When I first saw “Her,” I just thought Johansson voiced a humanoid bot. But when I rewatched the film last week, after watching OpenAI's ChatGPT demo, Samantha's role seemed infinitely more complex. Chatbots do not spontaneously generate human voices. They have no throat, lips or tongue. Within the technological world of “Her,” the Samantha bot would have been based on the voice of a human woman, perhaps a fictional actress who sounds a lot like Scarlett Johansson.

OpenAI appeared to have trained its chatbot on the voice of an unnamed actress who sounds like a famous actress who voiced a movie chatbot implicitly trained on an unreal actress who sounds like a famous actress. When I run the ChatGPT demo, I hear a simulation of a simulation of a simulation of a simulation of a simulation.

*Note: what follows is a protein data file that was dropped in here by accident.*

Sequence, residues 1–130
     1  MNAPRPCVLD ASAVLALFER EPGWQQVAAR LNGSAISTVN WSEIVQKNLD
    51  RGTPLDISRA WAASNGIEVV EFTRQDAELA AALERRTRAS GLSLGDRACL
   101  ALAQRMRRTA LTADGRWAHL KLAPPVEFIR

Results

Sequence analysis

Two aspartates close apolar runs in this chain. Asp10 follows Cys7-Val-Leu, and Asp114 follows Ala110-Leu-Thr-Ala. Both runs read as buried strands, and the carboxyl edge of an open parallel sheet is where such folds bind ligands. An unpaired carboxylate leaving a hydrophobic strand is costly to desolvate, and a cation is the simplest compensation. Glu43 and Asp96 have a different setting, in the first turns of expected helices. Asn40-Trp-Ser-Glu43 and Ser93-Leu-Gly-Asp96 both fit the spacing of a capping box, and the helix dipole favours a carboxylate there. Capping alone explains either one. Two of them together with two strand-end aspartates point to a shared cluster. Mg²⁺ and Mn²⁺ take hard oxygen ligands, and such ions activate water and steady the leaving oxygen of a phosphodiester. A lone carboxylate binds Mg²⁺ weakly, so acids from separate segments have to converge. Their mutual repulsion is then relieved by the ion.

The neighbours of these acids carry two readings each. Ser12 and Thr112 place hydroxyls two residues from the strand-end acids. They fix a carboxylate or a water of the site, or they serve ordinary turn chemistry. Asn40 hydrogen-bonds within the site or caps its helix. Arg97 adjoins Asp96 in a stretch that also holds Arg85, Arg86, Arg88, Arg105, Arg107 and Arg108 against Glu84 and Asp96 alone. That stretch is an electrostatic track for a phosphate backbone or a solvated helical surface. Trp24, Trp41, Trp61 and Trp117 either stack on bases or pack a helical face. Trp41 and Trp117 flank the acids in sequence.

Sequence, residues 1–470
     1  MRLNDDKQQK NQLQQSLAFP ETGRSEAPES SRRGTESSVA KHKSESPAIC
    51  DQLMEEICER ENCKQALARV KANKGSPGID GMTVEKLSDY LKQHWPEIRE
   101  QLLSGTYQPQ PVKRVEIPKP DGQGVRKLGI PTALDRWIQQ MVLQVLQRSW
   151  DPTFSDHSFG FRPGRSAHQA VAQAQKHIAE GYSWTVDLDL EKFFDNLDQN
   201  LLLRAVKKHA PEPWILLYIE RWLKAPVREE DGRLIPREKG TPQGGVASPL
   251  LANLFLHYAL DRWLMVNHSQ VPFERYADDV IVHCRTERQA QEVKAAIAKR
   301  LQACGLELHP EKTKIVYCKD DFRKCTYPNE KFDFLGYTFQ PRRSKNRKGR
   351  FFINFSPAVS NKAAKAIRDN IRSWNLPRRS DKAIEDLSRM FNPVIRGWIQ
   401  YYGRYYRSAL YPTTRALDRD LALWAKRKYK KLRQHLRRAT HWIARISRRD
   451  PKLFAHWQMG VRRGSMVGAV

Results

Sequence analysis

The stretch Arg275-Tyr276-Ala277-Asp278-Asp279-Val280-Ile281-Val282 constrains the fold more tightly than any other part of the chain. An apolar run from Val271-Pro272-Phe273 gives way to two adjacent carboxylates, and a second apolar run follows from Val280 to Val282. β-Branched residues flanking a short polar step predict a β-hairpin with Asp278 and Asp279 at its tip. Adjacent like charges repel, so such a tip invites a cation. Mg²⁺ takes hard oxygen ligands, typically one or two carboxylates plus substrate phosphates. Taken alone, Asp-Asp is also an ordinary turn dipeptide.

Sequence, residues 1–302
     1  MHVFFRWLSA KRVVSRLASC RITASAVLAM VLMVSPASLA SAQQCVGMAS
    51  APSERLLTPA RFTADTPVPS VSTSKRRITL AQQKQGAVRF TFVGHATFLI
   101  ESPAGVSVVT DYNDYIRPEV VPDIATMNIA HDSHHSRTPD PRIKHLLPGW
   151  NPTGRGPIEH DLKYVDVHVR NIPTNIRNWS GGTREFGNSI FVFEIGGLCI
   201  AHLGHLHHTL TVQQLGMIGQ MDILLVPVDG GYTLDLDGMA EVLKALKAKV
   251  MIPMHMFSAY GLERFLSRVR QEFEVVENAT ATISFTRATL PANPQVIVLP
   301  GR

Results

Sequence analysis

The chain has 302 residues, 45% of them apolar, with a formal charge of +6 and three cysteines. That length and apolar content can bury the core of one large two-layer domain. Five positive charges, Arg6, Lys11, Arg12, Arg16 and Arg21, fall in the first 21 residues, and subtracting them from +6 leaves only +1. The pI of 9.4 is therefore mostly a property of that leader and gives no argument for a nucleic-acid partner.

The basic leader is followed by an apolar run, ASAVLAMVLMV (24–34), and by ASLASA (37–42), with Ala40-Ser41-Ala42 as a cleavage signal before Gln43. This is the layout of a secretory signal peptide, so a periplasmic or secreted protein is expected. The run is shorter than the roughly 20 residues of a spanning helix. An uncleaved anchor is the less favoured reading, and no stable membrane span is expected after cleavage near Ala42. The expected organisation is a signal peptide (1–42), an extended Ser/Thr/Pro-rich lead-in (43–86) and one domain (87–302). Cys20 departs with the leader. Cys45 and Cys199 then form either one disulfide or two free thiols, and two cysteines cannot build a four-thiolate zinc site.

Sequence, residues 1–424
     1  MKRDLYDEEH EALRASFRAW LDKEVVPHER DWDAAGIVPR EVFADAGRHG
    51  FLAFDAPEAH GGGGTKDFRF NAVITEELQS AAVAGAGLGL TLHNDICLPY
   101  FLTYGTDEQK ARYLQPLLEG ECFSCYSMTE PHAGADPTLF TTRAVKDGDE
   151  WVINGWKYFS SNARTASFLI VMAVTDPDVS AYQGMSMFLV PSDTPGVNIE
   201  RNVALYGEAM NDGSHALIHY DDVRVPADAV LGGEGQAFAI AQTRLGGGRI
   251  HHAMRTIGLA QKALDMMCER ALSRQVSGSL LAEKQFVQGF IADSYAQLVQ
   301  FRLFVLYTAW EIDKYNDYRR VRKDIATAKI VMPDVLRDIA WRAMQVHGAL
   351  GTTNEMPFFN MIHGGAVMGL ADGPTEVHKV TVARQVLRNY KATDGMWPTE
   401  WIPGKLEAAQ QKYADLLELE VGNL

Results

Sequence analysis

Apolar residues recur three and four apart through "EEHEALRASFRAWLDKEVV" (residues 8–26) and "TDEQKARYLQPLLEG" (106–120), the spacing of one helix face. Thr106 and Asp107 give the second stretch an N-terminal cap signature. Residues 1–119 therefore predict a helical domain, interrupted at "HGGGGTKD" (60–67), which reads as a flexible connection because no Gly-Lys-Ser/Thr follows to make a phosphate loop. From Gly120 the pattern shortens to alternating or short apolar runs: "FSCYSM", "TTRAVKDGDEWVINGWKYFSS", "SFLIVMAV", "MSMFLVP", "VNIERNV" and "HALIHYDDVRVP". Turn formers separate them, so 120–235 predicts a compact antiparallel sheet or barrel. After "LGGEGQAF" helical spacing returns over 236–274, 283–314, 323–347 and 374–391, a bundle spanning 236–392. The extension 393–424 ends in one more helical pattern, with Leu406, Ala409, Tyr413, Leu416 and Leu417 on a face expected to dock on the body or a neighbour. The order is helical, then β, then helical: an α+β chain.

Tech companies advertise their virtual assistants in terms of the services they provide. They can read you the weather forecast and hail a cab; OpenAI promises that its most advanced chatbots will be able to laugh at your jokes and sense changes in your mood. But they also exist to make us feel more comfortable with the technology itself.

Johansson's voice functions as a luxurious security blanket thrown over the alienating aspects of AI-assisted interactions. “He told me he felt that by giving voice to the system, I could bridge the gap between tech companies and creatives and help consumers feel comfortable with the sea change affecting humans and artificial intelligence,” she said Johansson by Sam Altman, founder of OpenAI. “He said she felt my voice would be comforting to people.”

It’s not that Johansson’s voice inherently sounds like a robot. It’s that developers and filmmakers have designed their bot voices to alleviate the discomfort inherent in robot-human interactions. OpenAI has said it wants to deliver a chatbot voice that is “approachable” and “warm” and “inspires trust.” AI has been accused of devastating creative industries, devouring energy, and even threatening human life. Understandably, OpenAI wants a voice that makes people feel comfortable using its products. How does AI sound? It sounds like crisis management.